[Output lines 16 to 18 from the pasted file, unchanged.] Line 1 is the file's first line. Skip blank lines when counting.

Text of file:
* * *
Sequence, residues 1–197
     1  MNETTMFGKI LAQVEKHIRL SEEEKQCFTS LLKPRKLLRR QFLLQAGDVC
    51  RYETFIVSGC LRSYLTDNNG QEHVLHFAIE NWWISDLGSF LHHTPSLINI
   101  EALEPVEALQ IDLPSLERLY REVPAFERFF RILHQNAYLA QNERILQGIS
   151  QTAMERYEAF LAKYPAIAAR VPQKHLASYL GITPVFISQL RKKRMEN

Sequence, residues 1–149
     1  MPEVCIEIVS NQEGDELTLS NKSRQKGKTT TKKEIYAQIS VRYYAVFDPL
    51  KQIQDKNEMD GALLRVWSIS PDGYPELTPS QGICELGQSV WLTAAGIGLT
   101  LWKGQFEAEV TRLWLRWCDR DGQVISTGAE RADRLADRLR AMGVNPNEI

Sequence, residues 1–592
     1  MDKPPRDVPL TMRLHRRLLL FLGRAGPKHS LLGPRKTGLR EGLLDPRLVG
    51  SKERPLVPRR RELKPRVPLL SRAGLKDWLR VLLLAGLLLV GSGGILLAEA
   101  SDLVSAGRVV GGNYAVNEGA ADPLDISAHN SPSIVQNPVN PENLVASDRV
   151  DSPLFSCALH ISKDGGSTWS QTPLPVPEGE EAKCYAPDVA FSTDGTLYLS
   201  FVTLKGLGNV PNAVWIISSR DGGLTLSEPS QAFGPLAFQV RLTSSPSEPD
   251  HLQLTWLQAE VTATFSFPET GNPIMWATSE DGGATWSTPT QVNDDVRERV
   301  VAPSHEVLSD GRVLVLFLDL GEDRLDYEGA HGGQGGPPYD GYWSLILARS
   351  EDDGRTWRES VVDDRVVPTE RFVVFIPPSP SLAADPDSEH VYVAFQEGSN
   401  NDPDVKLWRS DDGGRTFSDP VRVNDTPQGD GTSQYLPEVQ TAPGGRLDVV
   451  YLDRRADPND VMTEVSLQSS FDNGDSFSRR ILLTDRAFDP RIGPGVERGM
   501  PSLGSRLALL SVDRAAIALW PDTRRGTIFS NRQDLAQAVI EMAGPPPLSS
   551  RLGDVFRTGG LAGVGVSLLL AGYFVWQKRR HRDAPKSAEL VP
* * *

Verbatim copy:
   251  HLQLTWLQAE VTATFSFPET GNPIMWATSE DGGATWSTPT QVNDDVRERV
   301  VAPSHEVLSD GRVLVLFLDL GEDRLDYEGA HGGQGGPPYD GYWSLILARS
   351  EDDGRTWRES VVDDRVVPTE RFVVFIPPSP SLAADPDSEH VYVAFQEGSN